An Optimistic Venture Prose
Spoiler Alert: gossips ahead… And I share our performances.
Last week, we were talking with a fellow VC. In France, just like everywhere else, investors love talking to each others, it’s reassuring…
Nothing too original came out of our discussion: a sprinkling of gossip and a raft of clichés: “madness is taking over the market,” “the bubble is about to burst,” or even “there are good and bad VCs, but the difference is that the bad ones invest while the good ones invest… but, you know, are a good VC….”
Our “ecosystem” has always been one of platitudes, no matter the season. We love talking about huge fundings and huge flops (even though we are lightweights compared to Theranos, Fab or Jawbone), describing distress sales to industrials as if Google had just gone public, and lamenting how we could have done better after a buyout for a few hundred million euros.
While we are gloating, complaining, and changing the world without putting any skin in the game, thankfully there are entrepreneurs out there making real progress, focused on their mission to provide exceptional solutions to their clients.
And then there are the rest of them… flocking to competitions, artificial intelligence conferences, and telling journalists the story of their POC with the Compagnie Générale Des Eaux (very odd company for those who read this post from abroad)…
On the investor side, it’s exactly the same thing. We’re in an industry that has been backwards since the beginning due to the lack of meritocracy, which you would think it would be championing. So the weak signals multiply and, in an example of stunning hypocrisy, whisper that…
- Idinvest doesn’t know what to do with all of its money
- Partech is having problems of reputation and carried interest
- 360 capital partners is now investing in robots only
- Daphni is making odd/crazy deals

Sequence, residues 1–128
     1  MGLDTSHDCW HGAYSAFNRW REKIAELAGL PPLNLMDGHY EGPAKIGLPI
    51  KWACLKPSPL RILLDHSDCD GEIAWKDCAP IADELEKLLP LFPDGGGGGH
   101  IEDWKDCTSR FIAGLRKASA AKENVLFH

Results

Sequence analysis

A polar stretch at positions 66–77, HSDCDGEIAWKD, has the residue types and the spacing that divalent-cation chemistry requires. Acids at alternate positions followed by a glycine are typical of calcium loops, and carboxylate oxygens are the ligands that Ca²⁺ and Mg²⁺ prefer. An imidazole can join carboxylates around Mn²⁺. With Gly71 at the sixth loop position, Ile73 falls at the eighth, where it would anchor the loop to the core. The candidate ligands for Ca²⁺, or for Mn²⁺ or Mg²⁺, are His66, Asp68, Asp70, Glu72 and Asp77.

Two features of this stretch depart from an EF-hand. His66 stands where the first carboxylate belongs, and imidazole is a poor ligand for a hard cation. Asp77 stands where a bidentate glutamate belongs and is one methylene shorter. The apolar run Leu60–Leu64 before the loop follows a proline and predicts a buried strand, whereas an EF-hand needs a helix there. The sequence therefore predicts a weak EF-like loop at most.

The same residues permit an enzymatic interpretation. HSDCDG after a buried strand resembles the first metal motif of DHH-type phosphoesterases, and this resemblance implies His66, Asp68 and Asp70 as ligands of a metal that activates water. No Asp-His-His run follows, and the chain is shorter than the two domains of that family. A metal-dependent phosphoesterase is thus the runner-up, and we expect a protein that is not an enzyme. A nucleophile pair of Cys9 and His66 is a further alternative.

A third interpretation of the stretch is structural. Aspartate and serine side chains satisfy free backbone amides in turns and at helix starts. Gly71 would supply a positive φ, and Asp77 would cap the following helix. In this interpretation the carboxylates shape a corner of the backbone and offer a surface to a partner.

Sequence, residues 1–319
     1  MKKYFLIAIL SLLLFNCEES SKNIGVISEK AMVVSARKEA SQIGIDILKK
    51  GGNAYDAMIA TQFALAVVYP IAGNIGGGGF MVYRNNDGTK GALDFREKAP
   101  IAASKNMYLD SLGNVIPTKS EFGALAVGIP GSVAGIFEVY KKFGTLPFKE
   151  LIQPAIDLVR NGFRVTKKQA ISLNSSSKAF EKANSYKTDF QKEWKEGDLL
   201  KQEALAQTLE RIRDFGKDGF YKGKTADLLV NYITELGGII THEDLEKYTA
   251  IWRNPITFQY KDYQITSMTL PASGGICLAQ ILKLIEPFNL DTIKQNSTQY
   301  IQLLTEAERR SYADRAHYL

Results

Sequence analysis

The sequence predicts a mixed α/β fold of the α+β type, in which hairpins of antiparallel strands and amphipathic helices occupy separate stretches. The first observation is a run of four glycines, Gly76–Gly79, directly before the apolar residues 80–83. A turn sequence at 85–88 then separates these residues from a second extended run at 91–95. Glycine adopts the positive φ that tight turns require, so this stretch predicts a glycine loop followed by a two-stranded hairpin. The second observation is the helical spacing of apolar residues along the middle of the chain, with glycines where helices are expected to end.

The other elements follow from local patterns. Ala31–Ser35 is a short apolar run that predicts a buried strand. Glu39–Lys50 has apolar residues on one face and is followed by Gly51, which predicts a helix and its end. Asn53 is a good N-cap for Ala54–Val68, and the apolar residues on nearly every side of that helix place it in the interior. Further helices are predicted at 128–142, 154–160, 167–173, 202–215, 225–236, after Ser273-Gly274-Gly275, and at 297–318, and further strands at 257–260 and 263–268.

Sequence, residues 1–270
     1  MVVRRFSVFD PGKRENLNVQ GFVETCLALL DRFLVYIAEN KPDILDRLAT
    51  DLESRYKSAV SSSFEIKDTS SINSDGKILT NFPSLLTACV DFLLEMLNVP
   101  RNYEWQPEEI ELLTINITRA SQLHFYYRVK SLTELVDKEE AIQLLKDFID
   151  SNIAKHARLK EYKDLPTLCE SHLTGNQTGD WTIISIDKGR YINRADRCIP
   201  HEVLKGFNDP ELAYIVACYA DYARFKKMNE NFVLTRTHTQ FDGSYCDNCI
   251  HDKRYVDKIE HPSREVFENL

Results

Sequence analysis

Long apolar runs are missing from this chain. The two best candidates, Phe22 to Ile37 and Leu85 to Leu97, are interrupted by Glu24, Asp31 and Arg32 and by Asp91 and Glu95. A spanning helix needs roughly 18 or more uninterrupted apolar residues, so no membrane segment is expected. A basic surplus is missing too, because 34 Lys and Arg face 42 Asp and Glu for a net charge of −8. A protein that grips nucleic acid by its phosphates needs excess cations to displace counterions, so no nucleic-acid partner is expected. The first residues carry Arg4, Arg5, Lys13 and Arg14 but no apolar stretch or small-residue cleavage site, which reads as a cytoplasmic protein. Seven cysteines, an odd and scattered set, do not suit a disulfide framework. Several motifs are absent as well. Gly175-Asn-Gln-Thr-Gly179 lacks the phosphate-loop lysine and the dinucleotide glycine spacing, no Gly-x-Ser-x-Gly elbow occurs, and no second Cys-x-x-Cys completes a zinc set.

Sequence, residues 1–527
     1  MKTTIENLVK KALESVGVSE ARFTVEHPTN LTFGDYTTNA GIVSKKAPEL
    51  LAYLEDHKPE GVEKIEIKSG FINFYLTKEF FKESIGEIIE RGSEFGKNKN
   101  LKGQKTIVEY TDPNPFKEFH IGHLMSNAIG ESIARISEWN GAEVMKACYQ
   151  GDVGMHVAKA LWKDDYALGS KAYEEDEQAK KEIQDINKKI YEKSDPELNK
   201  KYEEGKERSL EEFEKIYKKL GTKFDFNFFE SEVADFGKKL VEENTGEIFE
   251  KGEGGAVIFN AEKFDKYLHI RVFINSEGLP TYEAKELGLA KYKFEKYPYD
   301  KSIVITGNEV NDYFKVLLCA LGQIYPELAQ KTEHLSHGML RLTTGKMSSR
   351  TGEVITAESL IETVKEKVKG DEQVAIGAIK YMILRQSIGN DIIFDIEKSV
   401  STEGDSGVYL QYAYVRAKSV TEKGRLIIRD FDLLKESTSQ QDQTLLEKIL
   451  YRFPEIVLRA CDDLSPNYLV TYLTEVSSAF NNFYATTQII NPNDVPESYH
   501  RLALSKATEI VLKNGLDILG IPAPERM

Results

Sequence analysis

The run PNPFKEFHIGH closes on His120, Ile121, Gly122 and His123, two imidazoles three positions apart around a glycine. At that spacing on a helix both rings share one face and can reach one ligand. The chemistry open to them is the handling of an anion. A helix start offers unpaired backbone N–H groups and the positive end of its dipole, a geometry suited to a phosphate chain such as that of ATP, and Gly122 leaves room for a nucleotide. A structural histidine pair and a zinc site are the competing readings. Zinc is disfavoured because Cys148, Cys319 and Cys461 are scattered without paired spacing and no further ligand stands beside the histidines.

- Serena fancies itself value added VC
- Balderton lost out to Accel on yet another SaaS deal
- EQT and Atomico are struggling to get their piece of the pie (EQT not so much anymore… Right Bartosz?)
- Elaia, Ventech and Isai paint themselves as responsible VCs
- Index jumps the gun and Martin has disappeared
- Kima? (let us have it in the comments :) )
- Alven has no girls on the team?!
- Newfund is trying to buy itself a new reputation
- There’s a guy launching Karot capital and everyone is having a good laugh except that it isn’t a joke…
- Otium pays too much but everyone wants their deals
- And sorry to those I’ve forgotten…
Whoooaaaaa! Did he really just write all of that? These aren’t secrets. I was actually being nice, since this was just an appetizer…
In investment, the only two things that count are reputation and performance, and usually one encourages the other and vice versa, as long as you’re disciplined and consistent in your work… and you have a bit of talent.
History isn’t written until the end, and you need at least 10 years to start balancing the books…
▓▓▓▓░░░░░░░░░░░ 25% complete
In the meantime, urban legends, subterfuges and unrealized gains fill the empty space, alongside a few dishonest memos intended for potential LPs (those who invest in funds).
I’ll take this opportunity to give you our performance (in €) for 2015, 2016 and 2017 with Kima Ventures. Figures as of Q4 2017.
Year: Sum Invested / IRR / NAV / Unrealized Gains / Realized Gains
2015: 8,627,993 / 32.02 % / 15,056,372 / 6,428,379 / 1,272,870
2016: 13,373,687 / 23.41 % / 16,672,556 / 3,298,869 / 1,274,383
2017: 13,778,533 / 28.30 % / 15,451,654 / 1,673,121 / 22,982